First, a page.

Relations with Kazakhstan
NATO and Kazakhstan actively cooperate on democratic, institutional, and defence reforms and have developed practical cooperation in many other areas.
- Dialogue with Kazakhstan started in 1992, when the country joined the North Atlantic Cooperation Council (later renamed the Euro-Atlantic Partnership Council) and practical cooperation began when it joined the Partnership for Peace in 1995.
- Objectives for cooperation are set out in an Individual Partnership Action Plan.
More background information
Kazakhstan has designated an infantry battalion called KAZBAT for potential deployment in NATO-led peace support operations, under UN Security Council mandates. KAZBAT became operable as planned and elements of this battalion have joined NATO Allies in a number of live exercises. In the framework of PARP, the expansion of this force into a full brigade organisation – KAZBRIG – is a major project aimed to give Kazakhstan the rotational capability to continuously sustain a battalion-sized contribution.
In 2010, Kazakhstan, along with Russia, Ukraine, Uzbekistan and Belarus completed an agreement with NATO allowing the transportation of non-lethal ISAF cargo to Afghanistan by rail. As of 2012, NATO also has an agreement with Kazakhstan (as well as with several other Central Asian countries and with Russia) for the redeployment of non-lethal cargo from Afghanistan.
Kazakhstan plays an active role in both hosting and participating in PfP training and exercises. In consultation with the Allies, Kazakhstan has established a PfP regional training centre, and continues to work with Allies and regional partners in military and language training techniques.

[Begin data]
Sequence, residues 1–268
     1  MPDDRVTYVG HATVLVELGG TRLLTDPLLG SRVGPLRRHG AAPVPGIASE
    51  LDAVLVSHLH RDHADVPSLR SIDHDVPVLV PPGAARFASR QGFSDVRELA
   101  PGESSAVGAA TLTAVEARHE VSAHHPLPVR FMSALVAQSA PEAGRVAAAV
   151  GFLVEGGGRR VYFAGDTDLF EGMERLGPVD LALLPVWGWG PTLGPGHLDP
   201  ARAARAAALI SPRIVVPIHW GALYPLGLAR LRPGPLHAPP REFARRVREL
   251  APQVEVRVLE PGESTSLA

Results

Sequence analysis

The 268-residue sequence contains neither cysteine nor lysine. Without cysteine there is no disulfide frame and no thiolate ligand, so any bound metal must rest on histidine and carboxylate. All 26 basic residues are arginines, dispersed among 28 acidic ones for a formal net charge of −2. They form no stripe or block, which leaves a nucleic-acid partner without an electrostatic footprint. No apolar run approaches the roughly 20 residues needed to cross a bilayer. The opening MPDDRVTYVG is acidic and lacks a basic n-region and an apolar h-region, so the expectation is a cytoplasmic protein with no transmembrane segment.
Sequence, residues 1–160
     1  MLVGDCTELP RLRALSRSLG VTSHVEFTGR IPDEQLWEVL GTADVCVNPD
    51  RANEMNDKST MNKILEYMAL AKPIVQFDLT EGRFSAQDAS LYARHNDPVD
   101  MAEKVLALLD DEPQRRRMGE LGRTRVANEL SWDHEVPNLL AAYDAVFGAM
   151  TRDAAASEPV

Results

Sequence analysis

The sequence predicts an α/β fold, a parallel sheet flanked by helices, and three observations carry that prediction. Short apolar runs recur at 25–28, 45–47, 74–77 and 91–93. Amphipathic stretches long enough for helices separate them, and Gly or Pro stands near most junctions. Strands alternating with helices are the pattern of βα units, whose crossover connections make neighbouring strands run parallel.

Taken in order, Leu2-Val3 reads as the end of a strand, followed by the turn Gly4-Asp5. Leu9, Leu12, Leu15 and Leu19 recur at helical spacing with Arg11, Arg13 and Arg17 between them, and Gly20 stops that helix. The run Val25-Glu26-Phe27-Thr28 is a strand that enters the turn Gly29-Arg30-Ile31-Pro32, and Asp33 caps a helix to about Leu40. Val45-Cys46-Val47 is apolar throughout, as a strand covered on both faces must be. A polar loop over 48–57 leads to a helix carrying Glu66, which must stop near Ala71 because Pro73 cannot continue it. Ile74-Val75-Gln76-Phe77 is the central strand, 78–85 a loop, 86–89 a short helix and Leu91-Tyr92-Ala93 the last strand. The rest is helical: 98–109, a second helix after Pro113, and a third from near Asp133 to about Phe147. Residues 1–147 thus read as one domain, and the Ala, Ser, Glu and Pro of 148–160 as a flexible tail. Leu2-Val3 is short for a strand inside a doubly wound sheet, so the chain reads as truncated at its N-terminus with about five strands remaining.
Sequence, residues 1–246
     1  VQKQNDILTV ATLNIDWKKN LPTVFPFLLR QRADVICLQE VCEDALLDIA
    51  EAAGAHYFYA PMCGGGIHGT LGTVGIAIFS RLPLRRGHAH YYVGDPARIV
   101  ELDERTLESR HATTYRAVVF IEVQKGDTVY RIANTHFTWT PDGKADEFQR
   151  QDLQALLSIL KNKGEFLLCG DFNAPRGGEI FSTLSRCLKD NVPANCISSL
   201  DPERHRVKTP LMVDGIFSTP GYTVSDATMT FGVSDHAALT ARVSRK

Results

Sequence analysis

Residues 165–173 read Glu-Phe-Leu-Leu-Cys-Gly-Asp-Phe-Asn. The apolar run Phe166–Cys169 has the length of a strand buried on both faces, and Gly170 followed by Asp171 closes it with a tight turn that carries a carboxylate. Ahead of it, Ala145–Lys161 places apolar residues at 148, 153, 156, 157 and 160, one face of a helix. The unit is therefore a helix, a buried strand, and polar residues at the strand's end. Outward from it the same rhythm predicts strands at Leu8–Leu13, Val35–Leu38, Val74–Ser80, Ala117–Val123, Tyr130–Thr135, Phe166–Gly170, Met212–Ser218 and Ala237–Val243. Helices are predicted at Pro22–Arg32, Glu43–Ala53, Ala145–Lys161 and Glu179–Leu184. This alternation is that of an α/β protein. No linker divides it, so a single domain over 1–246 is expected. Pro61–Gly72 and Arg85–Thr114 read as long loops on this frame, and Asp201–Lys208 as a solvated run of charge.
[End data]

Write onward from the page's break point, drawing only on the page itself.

Kazakhstan contributes to the fight against terrorism through its participation in the Partnership Action Plan on Terrorism. This includes sharing information and analysis with NATO, enhancing national counter-terrorist capabilities and improving border security.
Since 2006, Kazakhstan, in cooperation with NATO Allies and regional partners, has hosted annual military exercises, named “Steppe Eagle”. These exercises have contributed to strengthening the interoperability of KAZBAT with Alliance forces.
Defence and security sector reform
NATO is supportive of the democratic and institutional reform process underway in Kazakhstan, which is outlined in its IPAP. Specifically in the area of defence and security sector reform, NATO and individual Allies have considerable expertise that Kazakhstan can draw upon.
Kazakhstan’s participation in the PfP Planning and Review Process (PARP) since 2002 has helped develop the ability of its forces to work with NATO. Kazakhstan seeks to attain interoperability between elements of its armed forces and those of NATO Allies. Joint work continues on the further development of a peacekeeping battalion to work alongside NATO Allies.
Kazakhstan’s PfP Training Centre (KAZCENT) was accredited by NATO as a Partnership Training and Education Centre in December 2010. KAZCENT offers annual courses open to Allies and partner countries on military English, NATO staff procedures, and a five-day familiarisation course on the history, economy, and culture of Central Asia and Afghanistan.
The Defence Education Enhancement Programme (DEEP with Kazakhstan began in December 2007. Cooperation started with the Kazakhstan National Defence University to help ensure that programmes and methodologies meet international standards. Cooperation was expanded to include KAZCENT, the Non-Commissioned Officer Training Centre and the Army Defence Institute.
Kazakh personnel also participate in a counter-narcotics training project launched by NATO and the United Nations Office on Drugs and Crime (UNODC) in 2015. The project involves five Central Asian states -- Kazakhstan, Kyrgyzstan, Tajikistan, Turkmenistan and Uzbekistan -- as well as Afghanistan and Pakistan. It follows up on a similar initiative developed under the umbrella of the NATO-Russia Council which was suspended in the wake of Russian aggressive action in Ukraine.